If anything I say makes sense, then do it. If not, don't. Don't blame me or my stars if you do something stupid because I suggested it. I'm responsible for my own stupidity only. You are responsible for yours.

    Why, I don't even have five stars anymore! Aren't you glad you aren't responsible for my stupidity?
  • 'Open to debate' was me joking... ;D

    I have stated that mine are ONLY viewpoints, AND, I've opened this thread up for KIND and GENEROUS intervention, for a correct and better guidance on this... so Id appreciate that from you please.

    You can get an 'Interest Only' mortgage at a much cheaper rate than your 5.5%
    (try the woolwich, or Alliance Leicester)

    A  semi- detached property also needn't cost £180,000 either. Thats over-priced- and is more likely to crash than cheaper houses.

    I would therefore avoid buying that property If i were you.

    trick is to avoid overpriced houses now- that will be the first to crash later...


    For your mortgage Id try rates elsewhere.
    On a loan of £160,000,expect to repay about £600 a month with a cheap lender, and for a house that would CERTAINLY still cost more than that to rent out.

    You do have to use house- spotting, and Lending savvy,  as well as following the advice in the thread. :)
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  • To add to my post, i am offering something here to anybody willing to help me ..?

    If a house should fall in value by say, £20,000 from its original purchase price, say, £130.000...

    Also, you have a 90%  Interest Only mortgage on it -as from the time you originally mortgaged it- when it was worth £130,000

    How does this affect your monthly repayments to the Lender? Assuming you dont change Lenders that is..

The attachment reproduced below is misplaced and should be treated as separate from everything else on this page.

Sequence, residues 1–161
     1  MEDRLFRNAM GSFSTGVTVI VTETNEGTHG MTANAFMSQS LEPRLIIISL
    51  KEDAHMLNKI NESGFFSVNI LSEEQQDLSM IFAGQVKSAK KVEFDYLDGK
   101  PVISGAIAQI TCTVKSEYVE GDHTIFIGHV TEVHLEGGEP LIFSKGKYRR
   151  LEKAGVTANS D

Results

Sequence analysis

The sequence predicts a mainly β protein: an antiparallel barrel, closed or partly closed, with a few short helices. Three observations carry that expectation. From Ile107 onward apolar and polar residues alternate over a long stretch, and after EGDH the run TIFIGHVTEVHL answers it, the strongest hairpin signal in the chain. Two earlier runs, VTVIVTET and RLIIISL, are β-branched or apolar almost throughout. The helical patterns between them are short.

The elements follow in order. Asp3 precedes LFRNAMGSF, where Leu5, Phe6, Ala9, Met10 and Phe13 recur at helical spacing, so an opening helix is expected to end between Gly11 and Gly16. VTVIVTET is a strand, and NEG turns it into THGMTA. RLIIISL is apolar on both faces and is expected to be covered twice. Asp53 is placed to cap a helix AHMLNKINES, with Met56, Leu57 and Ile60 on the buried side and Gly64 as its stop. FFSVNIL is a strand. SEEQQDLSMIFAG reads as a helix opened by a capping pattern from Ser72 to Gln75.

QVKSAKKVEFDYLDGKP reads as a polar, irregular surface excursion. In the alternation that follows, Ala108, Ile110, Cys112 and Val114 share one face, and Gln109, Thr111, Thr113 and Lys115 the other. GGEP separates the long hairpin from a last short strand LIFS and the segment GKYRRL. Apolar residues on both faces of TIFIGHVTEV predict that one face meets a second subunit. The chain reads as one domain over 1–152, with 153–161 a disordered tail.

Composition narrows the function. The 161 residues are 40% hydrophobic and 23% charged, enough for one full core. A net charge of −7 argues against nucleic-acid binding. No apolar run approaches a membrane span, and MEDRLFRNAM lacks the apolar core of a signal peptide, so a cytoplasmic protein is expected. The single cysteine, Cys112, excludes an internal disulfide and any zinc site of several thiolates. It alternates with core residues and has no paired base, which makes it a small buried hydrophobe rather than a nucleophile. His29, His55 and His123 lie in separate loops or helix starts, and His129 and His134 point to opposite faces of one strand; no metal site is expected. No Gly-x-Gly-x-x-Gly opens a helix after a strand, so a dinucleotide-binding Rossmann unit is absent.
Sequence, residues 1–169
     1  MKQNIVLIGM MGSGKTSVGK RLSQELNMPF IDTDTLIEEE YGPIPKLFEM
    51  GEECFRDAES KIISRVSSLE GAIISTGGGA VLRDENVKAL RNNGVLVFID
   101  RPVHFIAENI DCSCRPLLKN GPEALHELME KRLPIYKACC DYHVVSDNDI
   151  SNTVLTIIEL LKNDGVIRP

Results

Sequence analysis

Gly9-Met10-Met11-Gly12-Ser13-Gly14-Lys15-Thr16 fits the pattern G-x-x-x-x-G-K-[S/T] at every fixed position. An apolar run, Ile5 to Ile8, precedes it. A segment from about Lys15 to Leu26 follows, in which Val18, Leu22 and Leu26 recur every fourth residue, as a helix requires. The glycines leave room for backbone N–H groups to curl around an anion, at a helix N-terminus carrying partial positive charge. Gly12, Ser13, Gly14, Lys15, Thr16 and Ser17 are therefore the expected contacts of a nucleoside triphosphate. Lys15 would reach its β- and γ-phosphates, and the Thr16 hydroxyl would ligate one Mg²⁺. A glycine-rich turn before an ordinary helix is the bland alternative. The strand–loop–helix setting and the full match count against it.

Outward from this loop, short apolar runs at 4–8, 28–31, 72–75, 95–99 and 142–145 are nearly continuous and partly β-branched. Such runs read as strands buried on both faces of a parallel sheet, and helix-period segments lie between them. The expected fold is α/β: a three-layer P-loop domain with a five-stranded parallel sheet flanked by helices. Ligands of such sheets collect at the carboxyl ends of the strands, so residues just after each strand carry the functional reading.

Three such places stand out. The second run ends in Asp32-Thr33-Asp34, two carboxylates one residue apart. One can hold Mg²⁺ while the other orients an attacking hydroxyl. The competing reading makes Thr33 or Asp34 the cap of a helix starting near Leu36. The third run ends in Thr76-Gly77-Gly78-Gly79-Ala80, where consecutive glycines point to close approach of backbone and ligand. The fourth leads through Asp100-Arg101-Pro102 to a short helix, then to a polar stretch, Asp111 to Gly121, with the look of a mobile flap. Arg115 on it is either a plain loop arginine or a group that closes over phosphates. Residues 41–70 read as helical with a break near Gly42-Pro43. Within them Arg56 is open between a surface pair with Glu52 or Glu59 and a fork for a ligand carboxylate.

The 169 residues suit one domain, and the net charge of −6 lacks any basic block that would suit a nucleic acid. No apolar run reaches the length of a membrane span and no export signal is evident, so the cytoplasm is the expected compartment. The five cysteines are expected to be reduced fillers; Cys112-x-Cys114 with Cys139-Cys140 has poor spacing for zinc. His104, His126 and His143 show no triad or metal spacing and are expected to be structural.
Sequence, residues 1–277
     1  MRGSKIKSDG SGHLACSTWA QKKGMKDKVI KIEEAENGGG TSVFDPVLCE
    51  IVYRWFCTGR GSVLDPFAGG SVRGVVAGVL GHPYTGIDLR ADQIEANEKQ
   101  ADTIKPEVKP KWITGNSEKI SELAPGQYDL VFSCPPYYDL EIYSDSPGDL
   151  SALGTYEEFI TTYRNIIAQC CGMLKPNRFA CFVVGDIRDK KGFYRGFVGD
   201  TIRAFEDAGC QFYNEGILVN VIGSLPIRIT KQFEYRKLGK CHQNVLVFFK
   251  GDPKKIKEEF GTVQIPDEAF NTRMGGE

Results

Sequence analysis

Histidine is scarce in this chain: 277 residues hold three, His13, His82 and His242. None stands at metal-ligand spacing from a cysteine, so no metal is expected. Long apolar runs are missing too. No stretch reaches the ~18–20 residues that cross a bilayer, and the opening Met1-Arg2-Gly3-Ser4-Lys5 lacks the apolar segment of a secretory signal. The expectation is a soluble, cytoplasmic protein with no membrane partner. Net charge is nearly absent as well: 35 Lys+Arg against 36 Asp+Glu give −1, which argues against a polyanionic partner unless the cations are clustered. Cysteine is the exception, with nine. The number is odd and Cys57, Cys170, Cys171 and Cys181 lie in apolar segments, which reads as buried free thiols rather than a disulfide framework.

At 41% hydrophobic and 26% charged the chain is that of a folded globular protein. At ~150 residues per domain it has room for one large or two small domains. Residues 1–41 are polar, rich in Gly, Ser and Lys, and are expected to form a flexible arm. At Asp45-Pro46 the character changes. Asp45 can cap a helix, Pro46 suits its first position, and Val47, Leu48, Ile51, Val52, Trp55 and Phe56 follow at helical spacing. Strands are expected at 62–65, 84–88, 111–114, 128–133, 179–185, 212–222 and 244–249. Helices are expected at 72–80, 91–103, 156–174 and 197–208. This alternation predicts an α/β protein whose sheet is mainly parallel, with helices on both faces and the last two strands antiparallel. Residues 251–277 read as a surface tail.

Do your new repayments reflect favourably on a house worth £20,000 less on the market.. and also considering you owe the Lender this much money back?

    Any help is welcome..

    Thanks
    Be ALERT - The world needs more LERTS
  • paylesspayless Forumite
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    'Open to debate' was me joking...  

    I do not offer a debate- however I am constantly challenged with my viewpoints in a hostile way.

    Pleae note:

    I have stated that mine are ONLY viewpoints, AND, I've opened this thread up for KIND and GENEROUS intervention, for a correct and better guidance on this... so Id appreciate that from you please  

    A bit confused by your remarks - I have been away for a while, comments surrounding your other posts do seem varied.
    What I meant is that this appears to be a discussion point rather than actually asking/ offering any guidance or advice. On this board we did not generally get people just starting threads for discussion, but rather requests from people who want guidance.

    For reasons I have previously made clear - I stay away from the discussion forum, and as such will stay away in future from similiar threads placed on this forum .

    However
    You can get an 'Interest Only' mortgage at a much cheaper rate than your 5.5%
    (try the woolwich, or Alliance Leicester)

    I am well aware of the rates available. Of course some variable & fixed  rates can be obtained below 5.5%, but that seemed like a fair mid point to compare, especially as  we might be talking about a low/ no  deposit mortgage  ( as comparing with capital required on a  rental) , also rates could still rise , short term incentives do come to an end at some point, and they may not be always renewable at similiar  competitive rates. - especially if prices fall, and you end up in neg equity.
    A  semi- detached property also needn't cost £180,000 either. Thats over-priced- and is more likely to crash than cheaper houses.

    The average House priice in W Mids is £153K,( source Halifax)  and my guess is that for an average  semi I am not far out. Whether the average semi is the best used for comparison with renting is of course anything, but they are renting in the region that I stated in the W Mids.